Socrates and Jesus Christ

Socrates and Jesus Christ

Jesus Christ and Socrates are often compared: 

  • Both were put to death for their beliefs. 
  • Both sought to make the people they lived among better, which is the reason they were killed. 
  • Both believed in the immortality of the soul.
  • Both sought to teach humans how to be the best humans they could possibly be.
  • Jesus taught in parables; Socrates by asking questions.  Not the same thing, but both subverted ordinary discourse.

Both lived at approximately the same time in the same corner of the world.  Socrates died first in 399 BCE.  Jesus died around year 4 of the Common Era, about a 400 year difference.  There was contact between Judea and Athens.  Paul’s longest sermon was delivered in Athens (Acts 17:16–34), where Socrates lived and died.  People have wondered about cross-cultural influences, but there probably were little or none.  Philo of Judea, a Hellenistic (Greek) Jewish philosopher, sought to harmonize the Torah with Greek philosophy.  Evidently, he persuaded more Christians than Jews, but played no role in the development of Christianity or Judaism. 

Western Civilization, it has been wisely said, is a combination of Athens, the home of Socrates, and Jerusalem, where Christ was crucified.  Classical Athens valued reason, the examined life, or at least her philosophers did.  Jerusalem represents the value of faith.  It is this combination that has characterized life in the West for almost 2,000 years.  For most of that time faith was dominant.  More recently, faith has taken a back seat to reason, even if this reason is not always very reasonable. 

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Does Hell exist?

Does Hell exist?  

It is not the way of the compassionate Maker to create rational beings in order to    deliver them over mercilessly to unending affliction in punishment for things of     which He knew even before they were fashioned, aware how they would turn out  when He created them.  Saint Isaac of Nineveh, circa 650 CE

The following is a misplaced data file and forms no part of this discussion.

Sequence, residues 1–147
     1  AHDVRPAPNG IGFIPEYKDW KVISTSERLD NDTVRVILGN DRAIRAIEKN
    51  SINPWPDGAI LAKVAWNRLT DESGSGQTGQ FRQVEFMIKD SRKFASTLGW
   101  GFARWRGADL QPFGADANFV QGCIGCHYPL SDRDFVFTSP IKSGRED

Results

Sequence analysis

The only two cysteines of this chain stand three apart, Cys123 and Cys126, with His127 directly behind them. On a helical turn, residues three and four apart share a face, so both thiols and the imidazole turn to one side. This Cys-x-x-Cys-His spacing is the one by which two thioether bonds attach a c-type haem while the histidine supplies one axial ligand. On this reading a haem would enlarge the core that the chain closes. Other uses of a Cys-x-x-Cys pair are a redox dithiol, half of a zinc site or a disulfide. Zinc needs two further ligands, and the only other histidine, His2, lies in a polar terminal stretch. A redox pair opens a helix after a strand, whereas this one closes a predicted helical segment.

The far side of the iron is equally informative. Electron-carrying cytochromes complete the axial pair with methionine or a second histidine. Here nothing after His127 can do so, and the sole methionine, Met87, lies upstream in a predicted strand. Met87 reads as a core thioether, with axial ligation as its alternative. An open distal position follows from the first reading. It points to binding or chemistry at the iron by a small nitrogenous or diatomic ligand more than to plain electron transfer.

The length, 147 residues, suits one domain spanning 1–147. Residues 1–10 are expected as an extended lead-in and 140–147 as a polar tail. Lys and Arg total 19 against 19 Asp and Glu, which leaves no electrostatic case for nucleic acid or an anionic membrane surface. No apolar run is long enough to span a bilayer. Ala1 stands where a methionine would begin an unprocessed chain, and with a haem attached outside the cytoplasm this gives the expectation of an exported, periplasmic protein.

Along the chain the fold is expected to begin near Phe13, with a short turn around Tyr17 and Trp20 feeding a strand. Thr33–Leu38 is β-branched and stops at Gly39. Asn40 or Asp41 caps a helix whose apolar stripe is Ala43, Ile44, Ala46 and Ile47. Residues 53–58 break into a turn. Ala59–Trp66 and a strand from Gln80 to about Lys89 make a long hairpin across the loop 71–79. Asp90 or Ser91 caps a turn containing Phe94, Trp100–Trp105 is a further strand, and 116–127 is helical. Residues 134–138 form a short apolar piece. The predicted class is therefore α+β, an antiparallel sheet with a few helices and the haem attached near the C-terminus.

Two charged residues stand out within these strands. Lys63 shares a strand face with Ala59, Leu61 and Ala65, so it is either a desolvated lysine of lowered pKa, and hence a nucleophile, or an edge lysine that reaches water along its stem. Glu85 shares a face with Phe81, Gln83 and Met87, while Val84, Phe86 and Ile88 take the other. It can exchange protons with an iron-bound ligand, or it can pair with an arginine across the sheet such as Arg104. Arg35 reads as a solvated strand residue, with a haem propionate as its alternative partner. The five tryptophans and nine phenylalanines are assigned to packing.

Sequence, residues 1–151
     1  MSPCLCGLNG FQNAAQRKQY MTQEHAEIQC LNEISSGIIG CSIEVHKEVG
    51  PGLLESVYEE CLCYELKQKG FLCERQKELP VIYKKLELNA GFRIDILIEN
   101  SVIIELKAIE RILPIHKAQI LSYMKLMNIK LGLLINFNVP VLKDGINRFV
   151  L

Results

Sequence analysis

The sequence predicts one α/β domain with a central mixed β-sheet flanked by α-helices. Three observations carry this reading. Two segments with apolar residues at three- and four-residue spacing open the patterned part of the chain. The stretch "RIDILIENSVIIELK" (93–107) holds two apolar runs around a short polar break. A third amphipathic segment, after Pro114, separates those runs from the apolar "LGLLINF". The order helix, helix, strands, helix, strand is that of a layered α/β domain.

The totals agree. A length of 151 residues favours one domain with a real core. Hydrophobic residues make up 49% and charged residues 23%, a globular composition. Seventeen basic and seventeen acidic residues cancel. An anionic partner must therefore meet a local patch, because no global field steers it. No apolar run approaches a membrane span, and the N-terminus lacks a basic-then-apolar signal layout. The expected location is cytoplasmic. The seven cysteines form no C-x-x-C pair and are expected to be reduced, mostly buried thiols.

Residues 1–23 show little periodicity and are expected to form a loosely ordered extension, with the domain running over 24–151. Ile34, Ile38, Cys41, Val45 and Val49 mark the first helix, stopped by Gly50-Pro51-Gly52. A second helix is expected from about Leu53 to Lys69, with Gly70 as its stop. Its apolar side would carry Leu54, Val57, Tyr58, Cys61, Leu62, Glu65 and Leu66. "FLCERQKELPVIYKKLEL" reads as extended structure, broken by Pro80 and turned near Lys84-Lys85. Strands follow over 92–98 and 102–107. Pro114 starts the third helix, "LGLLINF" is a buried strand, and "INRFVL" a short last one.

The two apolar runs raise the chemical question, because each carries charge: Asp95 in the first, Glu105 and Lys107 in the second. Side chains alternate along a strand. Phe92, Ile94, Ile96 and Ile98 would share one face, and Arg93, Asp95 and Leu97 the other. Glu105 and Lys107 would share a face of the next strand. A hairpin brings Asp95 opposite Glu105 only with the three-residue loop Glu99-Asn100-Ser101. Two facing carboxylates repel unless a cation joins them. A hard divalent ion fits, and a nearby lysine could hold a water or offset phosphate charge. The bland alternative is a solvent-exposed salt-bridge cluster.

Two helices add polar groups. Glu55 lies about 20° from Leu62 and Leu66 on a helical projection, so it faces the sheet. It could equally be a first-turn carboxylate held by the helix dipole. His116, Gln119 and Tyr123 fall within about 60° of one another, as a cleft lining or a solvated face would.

Would God, who knows the fate of everyone ever born, or who will be born, consign some of his creatures to eternal torment in Hell?  This is the question raised by those who believe in Hell.  Can you really imagine a loving God who would do this?  David Bentley Hart can’t, and I follow his argument in That All Shall Be Saved.

But doesn’t the New Testament tell us that bad people will go to Hell?

If you read the Bible closely, you will see that it says nothing about eternal Hell.  Paul believed that all are bound in disobedience to God.  But only so that God might show mercy to us all (Romans 11:32).  Not one word in Paul, or the Gospel of John, refers to an everlasting Hell.  First Timothy says simply that God “intends all human beings to be saved and to come to a full knowledge of truth.” (2:4)  This is called the doctrine of universal salvation or universal reconciliation.  People may go to Hell, but they will be redeemed like all the others when Christ returns. 

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Kierkegaard on Prayer. Who Knew?

Kierkegaard on Prayer.  Who Knew?

Three times I’ve posted on  Kierkegaard.    I thought  I understood him.  He is an existentialist for whom belief in God is a subjective truth.  The decision cannot be justified; one can barely give reasons.  All one can know is what one knows about any subjective truth: that it is based on a decision to believe it.  No wonder that Kierkegaard is often called the first existentialist.

Recently I came across a book of Kierkegaard’s prayers.  You could say I should have known about his prayers before.  Perhaps I should of, but philosophers don’t write about this aspect of Kierkegaard’s work.  Neither do most theologians.  It seems irrelevant to most of them.  It shouldn’t be.  The prayers turned my view of Kierkegaard upside down.

Kierkegaard’s prayers

I’ll just summarize the content of several of the prayers.  You will lose the poetry, but you’ll get the idea.

  • “Thou hast loved us first” (prayer 8), Kierkegaard asks God to help us avoid the seductions of the world, and to love others as much as we love ourselves.
  • “Thy forgiveness” (prayer 21).  We are to forgive others seventy times seven.  Will you, God, ever tire of forgiving us?
  • “For faith” (prayer 27).  Teach me not to get bogged down in stifling reflection, but simply to have faith.
  • “To know thy will” (prayer 37).  Keep us vigilant so that we may work for our salvation through fear and trembling. But “grant that we may hear also a gentle voice murmuring to us that we are Thy children, so that we will cry with joy, Abba, Father.”

The first sentence of the last prayer sounds like the Kierkegaard I am familiar with, the author who dwelt on the anxiety and dread that accompanies the life of the faithful.  But the second sentence is like that of a little boy rushing to sit on the lap of his beloved father.  Abba is best translated here as “daddy.” 

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